The role of the church should be different. How do we talk to progressives to say, “Listen, I know you can make money by moving into my neighborhood, but you’re hurting us. How do we really build a mixed income community?”

There’s a dynamic that’s happening in our country. San Bernardino, Phoenix, Calle Ocho in Miami, San Antonio, Philadelphia. Chicago, with three distinct Hispanic neighborhoods. They’re all under the same pressure.

F&L: How do you keep from being overwhelmed when everything you describe is extremely complex? It’s difficult. Yet almost 40 years later, you’re still hopeful.

LC: I am a minister. I believe in God. And in the end, we are all called to serve others. Despite all the problems, our job is to persevere and pursue. And persistence is the name of the game.

When we first got started, it was like, “How do we help people?” Now it’s, “How do we help our institutions help people?”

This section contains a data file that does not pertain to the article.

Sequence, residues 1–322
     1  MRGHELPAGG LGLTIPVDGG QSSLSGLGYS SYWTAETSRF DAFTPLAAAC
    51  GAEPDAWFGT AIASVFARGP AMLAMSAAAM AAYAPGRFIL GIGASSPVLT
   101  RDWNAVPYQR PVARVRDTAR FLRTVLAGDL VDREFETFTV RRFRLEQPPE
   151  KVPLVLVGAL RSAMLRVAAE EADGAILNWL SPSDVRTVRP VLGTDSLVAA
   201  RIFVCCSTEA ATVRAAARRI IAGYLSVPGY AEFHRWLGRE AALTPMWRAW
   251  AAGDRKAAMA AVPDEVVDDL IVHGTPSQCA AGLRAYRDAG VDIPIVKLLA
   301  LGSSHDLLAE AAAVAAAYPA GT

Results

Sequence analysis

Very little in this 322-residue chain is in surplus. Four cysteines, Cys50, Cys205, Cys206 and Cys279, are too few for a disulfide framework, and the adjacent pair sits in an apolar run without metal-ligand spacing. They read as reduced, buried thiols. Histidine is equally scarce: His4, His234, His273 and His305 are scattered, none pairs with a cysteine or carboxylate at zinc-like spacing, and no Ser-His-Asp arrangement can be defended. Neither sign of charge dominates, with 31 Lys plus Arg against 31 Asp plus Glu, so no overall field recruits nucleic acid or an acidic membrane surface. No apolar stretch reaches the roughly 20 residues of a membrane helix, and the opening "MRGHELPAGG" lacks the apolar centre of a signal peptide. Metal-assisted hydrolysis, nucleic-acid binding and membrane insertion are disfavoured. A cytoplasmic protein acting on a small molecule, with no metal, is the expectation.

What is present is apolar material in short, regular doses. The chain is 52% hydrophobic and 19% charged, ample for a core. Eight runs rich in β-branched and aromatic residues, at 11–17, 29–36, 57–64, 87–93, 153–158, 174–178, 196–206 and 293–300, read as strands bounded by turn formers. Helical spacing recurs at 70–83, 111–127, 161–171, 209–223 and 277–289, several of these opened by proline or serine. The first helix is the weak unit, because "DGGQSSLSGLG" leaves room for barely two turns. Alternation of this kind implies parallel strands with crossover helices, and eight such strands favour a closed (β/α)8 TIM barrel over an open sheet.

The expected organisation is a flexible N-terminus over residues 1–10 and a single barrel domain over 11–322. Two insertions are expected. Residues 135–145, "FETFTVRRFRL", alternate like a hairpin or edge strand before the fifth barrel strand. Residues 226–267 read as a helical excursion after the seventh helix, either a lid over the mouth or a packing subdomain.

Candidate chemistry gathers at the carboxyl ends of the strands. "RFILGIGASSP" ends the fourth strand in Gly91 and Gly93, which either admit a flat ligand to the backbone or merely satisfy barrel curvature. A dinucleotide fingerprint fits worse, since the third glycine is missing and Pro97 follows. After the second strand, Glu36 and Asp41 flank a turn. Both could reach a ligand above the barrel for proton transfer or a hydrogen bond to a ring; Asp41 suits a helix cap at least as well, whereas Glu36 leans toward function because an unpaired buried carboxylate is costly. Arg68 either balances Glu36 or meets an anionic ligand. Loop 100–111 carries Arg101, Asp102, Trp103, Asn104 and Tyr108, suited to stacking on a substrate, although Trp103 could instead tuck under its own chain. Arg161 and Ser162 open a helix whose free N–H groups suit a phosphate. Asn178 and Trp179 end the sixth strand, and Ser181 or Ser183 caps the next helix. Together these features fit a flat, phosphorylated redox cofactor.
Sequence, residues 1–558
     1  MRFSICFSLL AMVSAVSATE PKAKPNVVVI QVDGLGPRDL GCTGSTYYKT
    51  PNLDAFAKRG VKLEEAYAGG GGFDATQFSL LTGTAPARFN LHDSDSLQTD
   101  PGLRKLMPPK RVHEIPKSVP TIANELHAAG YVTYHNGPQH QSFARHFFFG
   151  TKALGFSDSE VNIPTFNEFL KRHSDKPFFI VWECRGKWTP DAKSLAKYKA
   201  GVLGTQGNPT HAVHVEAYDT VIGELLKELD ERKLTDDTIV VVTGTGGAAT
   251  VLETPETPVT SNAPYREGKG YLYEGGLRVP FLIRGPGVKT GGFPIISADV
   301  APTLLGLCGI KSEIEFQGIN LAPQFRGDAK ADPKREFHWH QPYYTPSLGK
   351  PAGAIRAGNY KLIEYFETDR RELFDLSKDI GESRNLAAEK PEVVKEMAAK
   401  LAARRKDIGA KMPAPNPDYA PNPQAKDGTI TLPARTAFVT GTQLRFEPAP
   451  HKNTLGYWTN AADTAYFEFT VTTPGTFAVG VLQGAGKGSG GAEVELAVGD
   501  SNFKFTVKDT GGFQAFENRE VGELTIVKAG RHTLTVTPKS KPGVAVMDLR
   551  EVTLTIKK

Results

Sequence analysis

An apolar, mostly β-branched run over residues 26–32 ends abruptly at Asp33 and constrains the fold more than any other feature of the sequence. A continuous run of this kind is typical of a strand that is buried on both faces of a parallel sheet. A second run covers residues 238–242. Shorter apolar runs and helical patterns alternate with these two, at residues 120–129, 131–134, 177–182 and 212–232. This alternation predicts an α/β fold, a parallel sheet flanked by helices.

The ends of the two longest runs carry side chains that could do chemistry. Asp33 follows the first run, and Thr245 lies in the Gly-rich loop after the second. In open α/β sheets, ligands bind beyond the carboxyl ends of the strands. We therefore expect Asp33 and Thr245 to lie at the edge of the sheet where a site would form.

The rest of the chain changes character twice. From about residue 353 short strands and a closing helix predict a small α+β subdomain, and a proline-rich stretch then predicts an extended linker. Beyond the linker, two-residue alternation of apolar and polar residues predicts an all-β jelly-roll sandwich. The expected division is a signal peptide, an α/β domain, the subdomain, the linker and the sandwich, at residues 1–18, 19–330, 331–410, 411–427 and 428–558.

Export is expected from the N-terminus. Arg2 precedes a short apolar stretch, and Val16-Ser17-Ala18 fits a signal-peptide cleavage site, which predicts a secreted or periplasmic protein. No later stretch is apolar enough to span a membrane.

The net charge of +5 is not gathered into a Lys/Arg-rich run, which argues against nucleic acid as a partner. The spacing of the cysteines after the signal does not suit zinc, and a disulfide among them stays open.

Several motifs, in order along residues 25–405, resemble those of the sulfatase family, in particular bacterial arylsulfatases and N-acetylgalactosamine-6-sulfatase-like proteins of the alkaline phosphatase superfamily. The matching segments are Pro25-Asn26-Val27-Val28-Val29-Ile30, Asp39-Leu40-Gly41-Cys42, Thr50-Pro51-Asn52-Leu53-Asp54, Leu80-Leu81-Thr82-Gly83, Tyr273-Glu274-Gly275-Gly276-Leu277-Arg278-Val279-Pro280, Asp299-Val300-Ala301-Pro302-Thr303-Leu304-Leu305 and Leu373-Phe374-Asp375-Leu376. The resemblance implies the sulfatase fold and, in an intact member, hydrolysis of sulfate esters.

In 2011, the Rev. Paul Abernathy, then an Orthodox priest fresh out of seminary, started a neighborhood ministry in the Hill District, a predominantly Black section of Pittsburgh that had long suffered from economic decline. He did what he could to make an impact: providing food and clothing, offering comfort or a prayer when someone was in distress. But he soon realized there were even deeper needs.

“What really struck me early on,” Abernathy said, “was the immense amount of suffering.”

A person would come in asking for help getting a doctor’s appointment or a bus pass and would end up talking about eviction, gun violence, systemic racism, unemployment, food insecurity, abuse, addiction or incarceration.